By Yu Miaojie Source:Global Times
To cushion the economic impact of the coronavirus epidemic and maintain relatively fast growth in 2020, China should pursue more aggressive fiscal policies coupled with more relaxed monetary policies. The country should consider proposing an annual fiscal deficit target of 4 percent of the gross domestic product (GDP) and increasing its infrastructure investments.
Following the outbreak of the epidemic, the government has swiftly adopted a series of flexible and relaxed monetary measures to ease pressure on companies, particularly small and medium-sized enterprises (SMEs), which has effectively prevented them from suddenly losing access to liquidity and failing. On Thursday, the People’s Bank of China (PBC), China’s central bank, cut the one-year loan prime rate (LPR), which domestic commercial banks use to decide their actual lending rates, by 10 basis points, the largest cut since LPR mechanism reform last August. Such policies are expected to benefit the majority of China’s enterprises.
But we should be well aware that, as indicated by a great deal of research, aggressive fiscal policies are often much more powerful than monetary ones when it comes to boosting growth in the short term. The adopted monetary policies can support SMEs in enduring the heavy blow from the virus, but can’t convince them to increase investments and expand production, especially as they are facing such great uncertainty.
It’s also impossible to boost growth by merely increasing investments in state-owned enterprises (SOEs), as most are located in the downstream of industrial chains. Their raw materials and intermediate products are supplied by SMEs and private companies. If private companies and SMEs are not willing or unable to increase investments in economic recovery after the epidemic, SOEs will not survive independently.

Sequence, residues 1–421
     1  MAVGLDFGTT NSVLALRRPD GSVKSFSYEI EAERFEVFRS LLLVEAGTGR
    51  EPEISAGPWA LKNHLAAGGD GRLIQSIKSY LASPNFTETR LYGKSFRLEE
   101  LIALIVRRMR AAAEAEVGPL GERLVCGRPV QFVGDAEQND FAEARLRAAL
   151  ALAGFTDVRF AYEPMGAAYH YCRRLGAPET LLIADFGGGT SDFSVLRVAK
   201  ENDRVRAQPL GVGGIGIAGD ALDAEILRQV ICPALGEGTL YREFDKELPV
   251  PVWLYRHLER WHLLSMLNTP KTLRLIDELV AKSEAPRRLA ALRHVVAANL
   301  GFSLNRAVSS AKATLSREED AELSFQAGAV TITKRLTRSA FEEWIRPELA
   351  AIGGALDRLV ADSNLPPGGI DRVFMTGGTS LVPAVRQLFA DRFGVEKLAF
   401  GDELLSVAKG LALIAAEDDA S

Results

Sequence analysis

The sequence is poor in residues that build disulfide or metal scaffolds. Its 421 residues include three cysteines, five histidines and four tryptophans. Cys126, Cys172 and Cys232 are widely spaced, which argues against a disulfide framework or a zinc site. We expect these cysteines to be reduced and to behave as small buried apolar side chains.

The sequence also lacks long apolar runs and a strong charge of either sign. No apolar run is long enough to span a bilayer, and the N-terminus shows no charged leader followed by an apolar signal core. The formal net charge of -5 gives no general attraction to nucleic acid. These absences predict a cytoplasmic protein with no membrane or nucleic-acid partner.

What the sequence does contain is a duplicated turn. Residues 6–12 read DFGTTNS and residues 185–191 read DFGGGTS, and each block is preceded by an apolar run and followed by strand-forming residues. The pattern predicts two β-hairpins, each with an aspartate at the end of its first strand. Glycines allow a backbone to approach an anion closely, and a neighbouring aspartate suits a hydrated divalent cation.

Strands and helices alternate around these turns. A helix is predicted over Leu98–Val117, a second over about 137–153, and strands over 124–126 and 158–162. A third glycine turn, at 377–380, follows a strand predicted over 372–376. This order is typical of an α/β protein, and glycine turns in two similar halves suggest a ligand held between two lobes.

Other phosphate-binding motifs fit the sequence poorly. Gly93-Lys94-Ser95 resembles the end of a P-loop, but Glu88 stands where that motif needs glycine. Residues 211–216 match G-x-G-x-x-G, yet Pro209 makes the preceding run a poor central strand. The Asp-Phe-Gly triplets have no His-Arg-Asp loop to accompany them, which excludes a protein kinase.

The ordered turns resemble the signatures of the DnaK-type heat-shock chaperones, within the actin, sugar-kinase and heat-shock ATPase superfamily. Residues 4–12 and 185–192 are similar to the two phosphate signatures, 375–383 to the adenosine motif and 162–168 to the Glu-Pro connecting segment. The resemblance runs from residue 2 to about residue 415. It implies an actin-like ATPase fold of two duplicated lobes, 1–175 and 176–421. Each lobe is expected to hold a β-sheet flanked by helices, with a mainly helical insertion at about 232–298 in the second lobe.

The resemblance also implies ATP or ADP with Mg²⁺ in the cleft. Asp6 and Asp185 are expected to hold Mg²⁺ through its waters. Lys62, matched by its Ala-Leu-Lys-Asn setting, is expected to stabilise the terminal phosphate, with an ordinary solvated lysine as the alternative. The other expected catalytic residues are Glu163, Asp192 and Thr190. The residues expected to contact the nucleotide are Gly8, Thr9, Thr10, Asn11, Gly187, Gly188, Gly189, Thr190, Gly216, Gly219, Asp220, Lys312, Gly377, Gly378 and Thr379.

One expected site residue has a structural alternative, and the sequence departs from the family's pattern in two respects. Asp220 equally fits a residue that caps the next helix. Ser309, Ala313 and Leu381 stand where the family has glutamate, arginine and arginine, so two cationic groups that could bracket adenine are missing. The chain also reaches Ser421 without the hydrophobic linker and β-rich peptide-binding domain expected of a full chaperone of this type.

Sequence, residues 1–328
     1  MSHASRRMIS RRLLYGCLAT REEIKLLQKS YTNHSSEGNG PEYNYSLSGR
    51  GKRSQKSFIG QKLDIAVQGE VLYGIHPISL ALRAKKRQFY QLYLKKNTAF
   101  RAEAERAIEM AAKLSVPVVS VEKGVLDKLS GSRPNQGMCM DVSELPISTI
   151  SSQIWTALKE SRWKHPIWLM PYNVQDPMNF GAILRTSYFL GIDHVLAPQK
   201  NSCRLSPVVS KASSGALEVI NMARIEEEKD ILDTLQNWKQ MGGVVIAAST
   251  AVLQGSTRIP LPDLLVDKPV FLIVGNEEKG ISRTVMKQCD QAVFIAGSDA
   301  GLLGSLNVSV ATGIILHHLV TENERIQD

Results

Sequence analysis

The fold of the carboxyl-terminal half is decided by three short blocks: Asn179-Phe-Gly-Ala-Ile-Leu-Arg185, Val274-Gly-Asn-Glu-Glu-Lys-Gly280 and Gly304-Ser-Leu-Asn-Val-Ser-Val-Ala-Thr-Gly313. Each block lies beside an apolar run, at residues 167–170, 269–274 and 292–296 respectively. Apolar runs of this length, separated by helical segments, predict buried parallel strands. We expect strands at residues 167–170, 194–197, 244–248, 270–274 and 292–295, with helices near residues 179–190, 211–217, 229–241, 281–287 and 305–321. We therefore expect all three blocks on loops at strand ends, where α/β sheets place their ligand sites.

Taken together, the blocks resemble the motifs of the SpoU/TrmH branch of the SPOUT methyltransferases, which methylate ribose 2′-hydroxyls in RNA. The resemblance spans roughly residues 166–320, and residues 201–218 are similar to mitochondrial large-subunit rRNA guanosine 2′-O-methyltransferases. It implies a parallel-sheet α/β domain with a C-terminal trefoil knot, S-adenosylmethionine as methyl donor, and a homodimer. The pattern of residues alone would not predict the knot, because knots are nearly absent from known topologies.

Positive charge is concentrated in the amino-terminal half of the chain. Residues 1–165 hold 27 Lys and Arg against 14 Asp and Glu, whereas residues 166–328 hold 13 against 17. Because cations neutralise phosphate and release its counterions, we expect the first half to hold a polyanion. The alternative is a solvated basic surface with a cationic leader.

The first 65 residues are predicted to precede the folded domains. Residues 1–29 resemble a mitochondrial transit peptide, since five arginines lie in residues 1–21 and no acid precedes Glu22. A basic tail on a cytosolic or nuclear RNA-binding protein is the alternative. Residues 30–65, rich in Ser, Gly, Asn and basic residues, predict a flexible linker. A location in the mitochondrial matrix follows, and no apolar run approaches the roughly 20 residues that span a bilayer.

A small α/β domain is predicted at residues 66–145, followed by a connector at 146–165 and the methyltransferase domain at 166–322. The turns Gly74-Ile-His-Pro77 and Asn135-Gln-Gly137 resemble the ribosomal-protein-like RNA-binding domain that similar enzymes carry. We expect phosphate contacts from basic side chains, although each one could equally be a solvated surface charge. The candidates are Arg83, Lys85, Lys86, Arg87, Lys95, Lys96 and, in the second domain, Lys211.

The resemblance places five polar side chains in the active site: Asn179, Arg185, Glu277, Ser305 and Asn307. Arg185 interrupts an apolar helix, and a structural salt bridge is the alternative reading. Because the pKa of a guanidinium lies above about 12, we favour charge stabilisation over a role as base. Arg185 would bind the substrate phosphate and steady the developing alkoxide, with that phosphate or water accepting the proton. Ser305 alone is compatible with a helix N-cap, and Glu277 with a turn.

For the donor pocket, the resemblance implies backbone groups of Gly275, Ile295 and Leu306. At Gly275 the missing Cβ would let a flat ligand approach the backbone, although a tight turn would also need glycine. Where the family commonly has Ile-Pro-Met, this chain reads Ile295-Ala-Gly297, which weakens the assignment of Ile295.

In addition to tax and fee cuts, another important fiscal policy tool is increasing infrastructure investments, especially in roads, railways and airports. Some may worry that expanding infrastructure investments may lead to overcapacity or other issues, but such concerns are currently unnecessary. First, many regions still have sufficient demand for such projects. Second, as shown by the experiences of many economies, after an economy suffers a blow, it usually requires government investment and infrastructure construction to escape trouble in the short term.
However, more aggressive fiscal policies, particularly resorting to infrastructure investment to boost economic growth, often means a growing fiscal deficit. Therefore, the government should consider lifting its fiscal deficit target in 2020 – and there is ample room to do so. Last year, China lifted its fiscal deficit target to 2.8 percent of GDP, up 0.2 percentage points from 2018. In the same year, the US budget deficit widened to $984 billion, which was 4.6 percent of the nation’s GDP. China has maintained its fiscal deficit to GDP ratio at a prudent level. Even if it plans a larger fiscal deficit target of 4 percent, it would still be at a moderate level and would not cause any problems.
The author is a deputy dean with the National School of Development at Peking University. [email protected]